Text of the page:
Faces of Tamworth: Mal MacPherson

Mal MacPherson
Mal MacPherson

Every year the city honours a local as its top citizen. Mal MacPherson is no stranger to honour, it was his title as the magistrate in the local court. While a lot of his life was dedicated to justice, he also had a passion for reforming disadvantaged youth and mental health. He was happy to use his time as Tamworth’s top citizen to trumpet his causes, but there was a bit more to the role than he first anticipated.

MUCH of Mal MacPherson’s life has focused on honour.

No doubt, a lot of the honour Mr MacPherson was accustomed to was suffixed to the end of contrite pleas in the local court where he presided as a magistrate for many years.

But, one of Mr MacPherson’s more recent honours was his tenure as Tamworth’s citizen of the year in 2017.

A shock, a privilege and, indeed, an honour, Mr MacPherson said the role actually gave him an eye-opening and uplifting glimpse into a different side of Tamworth and a renewed appreciation for citizenship.

“The highlight, which I didn’t expect, in the role you get invited to citizenship ceremonies throughout the year,” Mr MacPherson said.

“It opened my eyes. 

“These people have really embraced Australia and you know it when they take the oath, they’re not just paying lip service.”

He said it was uplifting to hear the stories of the city’s newest citizens and to see them willing to give back to their newfound home.

“I was involved in a literary group with Eddie Whitham and I get to hear a lot of stories of how new citizens came here and you’ve got to take your hat off to them,” he said.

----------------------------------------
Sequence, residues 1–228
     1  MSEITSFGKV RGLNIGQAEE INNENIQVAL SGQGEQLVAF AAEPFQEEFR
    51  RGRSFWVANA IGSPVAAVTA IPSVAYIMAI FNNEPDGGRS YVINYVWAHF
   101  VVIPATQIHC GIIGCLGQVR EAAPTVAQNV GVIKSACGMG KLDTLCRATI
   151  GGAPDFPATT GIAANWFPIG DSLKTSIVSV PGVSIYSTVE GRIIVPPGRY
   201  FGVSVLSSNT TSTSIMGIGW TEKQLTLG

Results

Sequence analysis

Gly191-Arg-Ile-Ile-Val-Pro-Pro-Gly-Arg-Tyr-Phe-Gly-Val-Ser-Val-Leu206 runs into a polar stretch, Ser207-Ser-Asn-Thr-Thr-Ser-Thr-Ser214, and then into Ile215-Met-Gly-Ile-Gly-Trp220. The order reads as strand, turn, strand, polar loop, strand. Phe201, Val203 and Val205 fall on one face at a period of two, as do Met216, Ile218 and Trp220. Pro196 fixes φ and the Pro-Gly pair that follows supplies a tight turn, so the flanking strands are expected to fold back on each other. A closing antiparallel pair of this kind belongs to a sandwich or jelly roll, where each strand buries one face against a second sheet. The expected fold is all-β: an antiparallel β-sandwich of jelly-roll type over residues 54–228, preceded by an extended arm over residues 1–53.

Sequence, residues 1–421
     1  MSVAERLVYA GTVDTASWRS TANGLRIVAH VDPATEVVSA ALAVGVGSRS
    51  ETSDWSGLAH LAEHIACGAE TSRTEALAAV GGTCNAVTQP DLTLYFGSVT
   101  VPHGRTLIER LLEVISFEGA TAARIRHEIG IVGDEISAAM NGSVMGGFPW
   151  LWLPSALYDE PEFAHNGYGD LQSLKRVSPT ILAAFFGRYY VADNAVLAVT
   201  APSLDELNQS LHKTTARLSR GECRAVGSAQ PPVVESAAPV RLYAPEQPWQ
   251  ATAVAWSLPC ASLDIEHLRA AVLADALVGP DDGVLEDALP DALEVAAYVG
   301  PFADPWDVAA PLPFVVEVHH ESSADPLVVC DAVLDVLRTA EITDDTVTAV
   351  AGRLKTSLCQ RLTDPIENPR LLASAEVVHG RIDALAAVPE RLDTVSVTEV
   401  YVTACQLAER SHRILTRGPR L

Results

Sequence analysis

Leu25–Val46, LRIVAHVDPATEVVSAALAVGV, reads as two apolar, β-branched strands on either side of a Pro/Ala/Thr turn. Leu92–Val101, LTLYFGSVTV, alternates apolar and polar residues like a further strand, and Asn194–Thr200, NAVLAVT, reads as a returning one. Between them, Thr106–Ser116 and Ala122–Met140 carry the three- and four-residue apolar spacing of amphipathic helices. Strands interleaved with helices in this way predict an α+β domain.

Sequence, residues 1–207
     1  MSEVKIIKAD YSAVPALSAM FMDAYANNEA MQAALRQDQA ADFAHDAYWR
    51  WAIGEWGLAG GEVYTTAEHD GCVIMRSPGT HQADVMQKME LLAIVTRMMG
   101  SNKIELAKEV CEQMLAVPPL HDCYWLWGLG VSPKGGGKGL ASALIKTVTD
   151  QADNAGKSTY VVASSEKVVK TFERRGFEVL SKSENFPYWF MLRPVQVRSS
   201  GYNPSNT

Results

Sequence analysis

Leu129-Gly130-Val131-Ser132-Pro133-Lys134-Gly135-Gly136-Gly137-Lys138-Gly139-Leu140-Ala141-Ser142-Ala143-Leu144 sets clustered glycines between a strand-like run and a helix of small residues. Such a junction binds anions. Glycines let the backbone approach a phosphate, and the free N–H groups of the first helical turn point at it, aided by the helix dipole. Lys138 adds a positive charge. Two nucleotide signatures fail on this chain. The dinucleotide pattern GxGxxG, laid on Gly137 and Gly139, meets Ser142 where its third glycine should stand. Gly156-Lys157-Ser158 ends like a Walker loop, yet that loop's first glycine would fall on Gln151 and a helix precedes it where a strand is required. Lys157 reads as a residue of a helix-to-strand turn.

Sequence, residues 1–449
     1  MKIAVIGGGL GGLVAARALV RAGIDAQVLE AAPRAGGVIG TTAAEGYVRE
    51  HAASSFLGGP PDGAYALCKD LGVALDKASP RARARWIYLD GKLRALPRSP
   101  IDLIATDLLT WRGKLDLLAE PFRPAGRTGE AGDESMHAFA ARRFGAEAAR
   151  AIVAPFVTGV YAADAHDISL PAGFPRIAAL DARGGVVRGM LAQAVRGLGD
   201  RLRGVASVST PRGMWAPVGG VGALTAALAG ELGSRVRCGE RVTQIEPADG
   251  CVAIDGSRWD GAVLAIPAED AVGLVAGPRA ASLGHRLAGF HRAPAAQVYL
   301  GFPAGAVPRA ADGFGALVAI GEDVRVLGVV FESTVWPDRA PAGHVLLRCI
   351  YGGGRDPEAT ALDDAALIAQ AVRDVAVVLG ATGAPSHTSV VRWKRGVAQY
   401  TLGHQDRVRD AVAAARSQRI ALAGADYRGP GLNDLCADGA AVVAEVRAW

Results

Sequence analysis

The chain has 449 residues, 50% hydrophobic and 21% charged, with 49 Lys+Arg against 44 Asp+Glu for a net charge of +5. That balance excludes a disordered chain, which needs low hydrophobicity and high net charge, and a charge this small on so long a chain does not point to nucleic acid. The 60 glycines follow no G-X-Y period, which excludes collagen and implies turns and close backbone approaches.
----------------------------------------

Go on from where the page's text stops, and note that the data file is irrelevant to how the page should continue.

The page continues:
“They embrace it and they’re actually giving back, it’s uplifting.”

He said the new citizens felt “wanted and appreciated” here and the city deserved a pat on the back, especially coming back from the low-water mark registered more than a decade ago, when accusations of racism were flung at the city.

While there has been an expected bonuses coming with the gig, Mr MacPherson said the role allowed him to champion further some organisations close to his heart, including Youth Insearch and Billabong Clubhouse.

He said a number of partnerships were secured for Youth Insearch, a mentoring program for troubled and abused youngsters, and a visit from NSW mental health minister, Tanya Davies, saw funding secured for a new shed at Billabong Clubhouse.

Tamworth’s next citizen of the year will be named at community centre on January 26. Mr MacPherson encouraged the community to nominate locals for the honour more readily.

“There’s a lot of people in this community who don’t get the accolades they deserve,” he said.

“I’d encourage the recipient to go to as many citizenship ceremonies as possible.”

Comments